Did you know? - Dolphins are marine mammals that are closely related to whales and porpoises. There are almost forty species of dolphin in seventeen genera. They vary in size from 1.2 m (4 ft) and 40 kg (90 lb) (Maui's Dolphin), up to 9.5 m (30 ft) and 10 tonnes (9.8 LT; 11 ST) (the Orca or Killer Whale). They are found worldwide, mostly in the shallower seas of the continental shelves, and are carnivores, mostly eating fish and squid. The family Delphinidae is the largest in the Cetacean order, and relatively recent: dolphins evolved about ten million years ago, during the Miocene. Dolphins are among the most intelligent animals and their often friendly appearance and seemingly playful attitude have made them popular in human culture.
There were hundred's of them all around the boat
Even the passenger ship could see them
Heading For Avalon After Visiting The Dolphins
Bob's Favorite Place
Yes Bob, she was at Luau Larry's
We enjoyed a glass of wine before jumping on the ship for the ride home
Mr. Jumpy didn't know where to st!
Throwing up the rooster tail
Did you know? - A jetboat is a boat propelled by a jet of water ejected from the back of the craft. Unlike a powerboat or motorboat that uses a propeller in the water below or behind the boat, a jetboat draws the water from under the boat into a pump-jet inside the boat, then expels it through a nozzle at the stern.
Jetboats were originally designed by Sir William Hamilton (who developed a waterjet in 1954) for operation in the fast-flowing and shallow rivers of New Zealand, specifically to overcome the problem of propellers striking rocks in such waters.
Previous attempts at waterjet propulsion had very short lifetimes, generally due to the inefficient design of the units and the fact that they offered few advantages over conventional propellers. Unlike these previous waterjet developments, such as Campini's and the Hanley Hydrojet, Hamilton had a specific need for a propulsion system to operate in very shallow water, and the waterjet proved to be the ideal solution. From this the popularity of the jet unit and jetboat increased rapidly, and through further developments it was found the waterjet offered several other advantages over propellers for a wide range of vessel types, and as such waterjets are used widely today for many high speed vessels including passenger ferries, rescue craft, patrol boats and offshore supply vessels.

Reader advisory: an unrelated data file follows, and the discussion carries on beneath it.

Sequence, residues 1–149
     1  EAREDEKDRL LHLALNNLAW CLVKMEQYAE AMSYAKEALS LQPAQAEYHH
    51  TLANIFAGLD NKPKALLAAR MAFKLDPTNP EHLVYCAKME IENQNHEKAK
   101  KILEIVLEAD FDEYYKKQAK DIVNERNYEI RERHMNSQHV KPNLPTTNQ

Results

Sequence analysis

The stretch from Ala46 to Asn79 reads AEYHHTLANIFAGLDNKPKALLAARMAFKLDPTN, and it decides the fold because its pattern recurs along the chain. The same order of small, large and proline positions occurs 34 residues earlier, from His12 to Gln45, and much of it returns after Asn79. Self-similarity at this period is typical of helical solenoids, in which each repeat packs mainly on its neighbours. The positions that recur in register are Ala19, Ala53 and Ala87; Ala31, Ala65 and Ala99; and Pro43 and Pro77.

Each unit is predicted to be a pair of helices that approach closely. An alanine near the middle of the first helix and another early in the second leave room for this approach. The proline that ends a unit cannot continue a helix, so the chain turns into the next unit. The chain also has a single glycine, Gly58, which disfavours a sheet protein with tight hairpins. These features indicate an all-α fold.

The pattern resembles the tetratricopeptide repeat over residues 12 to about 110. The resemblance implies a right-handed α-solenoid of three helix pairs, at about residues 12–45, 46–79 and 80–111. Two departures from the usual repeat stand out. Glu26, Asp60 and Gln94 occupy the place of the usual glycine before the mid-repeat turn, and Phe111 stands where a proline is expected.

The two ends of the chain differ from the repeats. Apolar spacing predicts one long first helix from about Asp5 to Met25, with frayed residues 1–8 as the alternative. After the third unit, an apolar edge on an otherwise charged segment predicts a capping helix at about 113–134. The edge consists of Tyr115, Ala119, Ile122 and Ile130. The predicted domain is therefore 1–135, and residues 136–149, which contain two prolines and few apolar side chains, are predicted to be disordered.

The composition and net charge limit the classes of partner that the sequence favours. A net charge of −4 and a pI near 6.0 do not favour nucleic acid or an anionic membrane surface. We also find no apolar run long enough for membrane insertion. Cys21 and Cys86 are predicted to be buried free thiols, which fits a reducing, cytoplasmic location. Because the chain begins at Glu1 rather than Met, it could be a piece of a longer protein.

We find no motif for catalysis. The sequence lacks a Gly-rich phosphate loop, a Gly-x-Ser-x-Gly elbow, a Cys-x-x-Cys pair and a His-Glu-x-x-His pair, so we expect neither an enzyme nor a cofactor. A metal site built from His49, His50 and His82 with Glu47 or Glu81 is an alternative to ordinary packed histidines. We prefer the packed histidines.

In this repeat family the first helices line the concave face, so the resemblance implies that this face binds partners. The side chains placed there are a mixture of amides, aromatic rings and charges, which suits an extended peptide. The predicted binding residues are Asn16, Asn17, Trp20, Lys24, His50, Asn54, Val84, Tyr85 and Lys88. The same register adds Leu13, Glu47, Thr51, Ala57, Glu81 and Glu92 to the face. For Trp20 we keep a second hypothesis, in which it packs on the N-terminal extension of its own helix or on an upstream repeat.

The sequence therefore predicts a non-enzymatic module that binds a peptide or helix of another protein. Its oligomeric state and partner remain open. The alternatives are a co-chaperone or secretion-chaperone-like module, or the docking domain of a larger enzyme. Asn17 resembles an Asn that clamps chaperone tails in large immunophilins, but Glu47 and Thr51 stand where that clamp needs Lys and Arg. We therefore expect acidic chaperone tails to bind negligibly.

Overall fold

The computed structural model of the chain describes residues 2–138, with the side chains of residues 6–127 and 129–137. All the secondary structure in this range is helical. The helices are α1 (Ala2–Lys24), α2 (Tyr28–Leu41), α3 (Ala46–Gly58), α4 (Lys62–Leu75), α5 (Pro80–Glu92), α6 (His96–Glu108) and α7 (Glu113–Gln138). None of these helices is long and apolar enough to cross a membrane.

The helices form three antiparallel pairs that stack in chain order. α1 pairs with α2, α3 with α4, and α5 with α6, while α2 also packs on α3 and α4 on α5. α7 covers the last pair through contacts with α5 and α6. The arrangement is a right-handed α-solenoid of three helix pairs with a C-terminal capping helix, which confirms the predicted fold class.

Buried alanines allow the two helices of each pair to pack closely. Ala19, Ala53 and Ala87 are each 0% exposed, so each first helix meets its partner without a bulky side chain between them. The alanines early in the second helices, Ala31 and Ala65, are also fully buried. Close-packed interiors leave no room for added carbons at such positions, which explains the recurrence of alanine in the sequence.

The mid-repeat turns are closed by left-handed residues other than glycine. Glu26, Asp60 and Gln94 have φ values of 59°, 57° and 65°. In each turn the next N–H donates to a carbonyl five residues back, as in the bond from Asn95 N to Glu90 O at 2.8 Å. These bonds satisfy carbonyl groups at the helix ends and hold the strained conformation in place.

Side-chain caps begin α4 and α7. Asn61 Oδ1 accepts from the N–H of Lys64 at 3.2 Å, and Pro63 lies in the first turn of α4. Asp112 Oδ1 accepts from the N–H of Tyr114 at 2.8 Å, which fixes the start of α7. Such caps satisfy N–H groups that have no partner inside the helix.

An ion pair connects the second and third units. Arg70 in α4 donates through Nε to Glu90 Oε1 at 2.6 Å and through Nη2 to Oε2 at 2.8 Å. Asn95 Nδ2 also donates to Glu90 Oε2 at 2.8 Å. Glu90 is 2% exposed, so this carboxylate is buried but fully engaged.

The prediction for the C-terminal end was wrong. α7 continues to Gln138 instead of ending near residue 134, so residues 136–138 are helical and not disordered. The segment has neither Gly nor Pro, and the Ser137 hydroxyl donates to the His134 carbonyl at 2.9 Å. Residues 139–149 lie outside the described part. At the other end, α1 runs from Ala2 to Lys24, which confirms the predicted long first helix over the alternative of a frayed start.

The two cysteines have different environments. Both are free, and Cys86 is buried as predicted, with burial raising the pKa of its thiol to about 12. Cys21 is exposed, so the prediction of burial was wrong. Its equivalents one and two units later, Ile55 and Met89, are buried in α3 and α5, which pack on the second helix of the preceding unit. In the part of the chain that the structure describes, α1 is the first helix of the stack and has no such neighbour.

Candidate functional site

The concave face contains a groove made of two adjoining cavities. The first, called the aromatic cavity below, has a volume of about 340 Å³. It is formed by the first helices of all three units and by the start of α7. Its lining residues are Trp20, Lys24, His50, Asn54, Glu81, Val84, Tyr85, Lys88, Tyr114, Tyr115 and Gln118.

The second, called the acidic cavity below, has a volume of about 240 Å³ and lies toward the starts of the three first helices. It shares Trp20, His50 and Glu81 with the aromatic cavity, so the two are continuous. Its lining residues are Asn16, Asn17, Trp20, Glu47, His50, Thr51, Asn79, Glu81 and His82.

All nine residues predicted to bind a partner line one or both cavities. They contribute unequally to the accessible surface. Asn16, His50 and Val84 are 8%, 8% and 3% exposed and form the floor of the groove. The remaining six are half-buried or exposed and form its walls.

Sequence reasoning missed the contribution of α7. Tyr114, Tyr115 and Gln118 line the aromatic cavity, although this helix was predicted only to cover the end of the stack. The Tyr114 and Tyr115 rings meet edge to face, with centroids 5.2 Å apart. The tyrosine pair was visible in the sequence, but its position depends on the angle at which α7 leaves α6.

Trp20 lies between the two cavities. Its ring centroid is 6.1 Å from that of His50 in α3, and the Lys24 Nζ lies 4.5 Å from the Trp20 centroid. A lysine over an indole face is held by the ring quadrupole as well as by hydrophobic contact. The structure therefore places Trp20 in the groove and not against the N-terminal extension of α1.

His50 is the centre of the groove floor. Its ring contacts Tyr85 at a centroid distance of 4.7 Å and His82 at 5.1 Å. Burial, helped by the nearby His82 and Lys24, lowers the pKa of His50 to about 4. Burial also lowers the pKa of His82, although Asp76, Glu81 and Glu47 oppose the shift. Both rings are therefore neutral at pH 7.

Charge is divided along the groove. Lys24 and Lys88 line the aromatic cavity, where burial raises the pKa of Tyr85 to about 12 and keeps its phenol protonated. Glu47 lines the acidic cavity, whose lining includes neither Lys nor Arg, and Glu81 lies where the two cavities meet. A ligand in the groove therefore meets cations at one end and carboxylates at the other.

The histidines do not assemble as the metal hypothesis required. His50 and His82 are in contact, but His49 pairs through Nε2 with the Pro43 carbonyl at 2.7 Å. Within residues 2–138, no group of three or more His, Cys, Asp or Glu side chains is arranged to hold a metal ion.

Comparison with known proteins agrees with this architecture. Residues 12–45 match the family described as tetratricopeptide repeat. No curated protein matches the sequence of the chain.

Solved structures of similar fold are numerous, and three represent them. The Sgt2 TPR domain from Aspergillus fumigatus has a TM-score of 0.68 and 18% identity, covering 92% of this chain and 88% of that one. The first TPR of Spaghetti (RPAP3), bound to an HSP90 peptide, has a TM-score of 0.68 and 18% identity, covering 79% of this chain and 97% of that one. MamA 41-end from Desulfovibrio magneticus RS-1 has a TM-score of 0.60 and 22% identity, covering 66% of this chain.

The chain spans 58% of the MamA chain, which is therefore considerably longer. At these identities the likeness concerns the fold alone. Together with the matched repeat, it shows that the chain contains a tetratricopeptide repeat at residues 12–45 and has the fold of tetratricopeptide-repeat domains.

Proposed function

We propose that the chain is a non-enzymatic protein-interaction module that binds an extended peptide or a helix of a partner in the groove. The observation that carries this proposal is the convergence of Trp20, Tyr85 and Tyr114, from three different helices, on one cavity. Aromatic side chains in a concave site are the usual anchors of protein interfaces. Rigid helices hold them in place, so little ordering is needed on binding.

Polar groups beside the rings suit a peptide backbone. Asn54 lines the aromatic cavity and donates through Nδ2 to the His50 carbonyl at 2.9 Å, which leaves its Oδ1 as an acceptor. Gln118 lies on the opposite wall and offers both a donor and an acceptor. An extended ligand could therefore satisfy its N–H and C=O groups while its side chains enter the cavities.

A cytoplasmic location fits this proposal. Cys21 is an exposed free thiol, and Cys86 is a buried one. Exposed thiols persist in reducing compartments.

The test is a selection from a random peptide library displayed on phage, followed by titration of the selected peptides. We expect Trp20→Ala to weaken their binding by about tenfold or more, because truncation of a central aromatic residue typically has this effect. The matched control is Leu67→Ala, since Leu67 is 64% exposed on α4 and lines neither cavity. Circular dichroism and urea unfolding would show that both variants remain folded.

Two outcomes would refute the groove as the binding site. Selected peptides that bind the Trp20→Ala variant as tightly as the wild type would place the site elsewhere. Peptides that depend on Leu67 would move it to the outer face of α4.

Jet boats are highly maneuverable, and many can, from full speed, be reversed and brought to a stop within little more than their own length, in a maneuver known as a "crash stop". The well known Hamilton turn or "jet spin" is a high speed manoevre where the boat is turned sharply then the engine throttle is cut causing the boat's stern to lift and spin quickly around with a large spray of water.
There is no engineering limit to the size of jet boats, though the validity of their use depends a lot on the type of application. Classic prop-drives are generally more efficient and economical at low speeds (up to about 20 knots) but as boat speed increases beyond this the extra hull resistance generated by struts, rudders, shafts etc means waterjets are more efficient in the 20-50 knot range. Also, in situations where you need very large propellers turning at slow speeds (such as tug boats) the equivalent size waterjet would be simply too big to be practical. For these reasons the vast majority of waterjet units are installed in high speed vessels and in particular situations where shallow draught, maneuverability and load flexibility are main concerns.
One of the most significant breakthroughs in the development of the waterjet was to change the design so it expelled the jetstream above the water line, contrary to many people's intuition. Hamilton discovered early on that this greatly improved performance, compared to expelling below the waterline, while also providing a "clean" hull bottom (ie: nothing protruding below the hull line) to allow the boat to skim through very shallow water. It makes no difference to the amount of thrust generated whether the outlet is above or below the waterline, but being above the waterline reduces hull resistance and draught. Hamilton's first waterjet design had the outlet below the hull and actually in front of the inlet. This probably meant that disturbed water was entering the jet unit and reducing its performance, and the main reason why the change to above the waterline made such a difference.
Something about donuts and coffee??
Here Comes The Sunset
We are slowing down
The sun reflecting into the windows made for some magical pictures
Good bye Queenie, see you next Saturday for the Ball
The sun is just about gone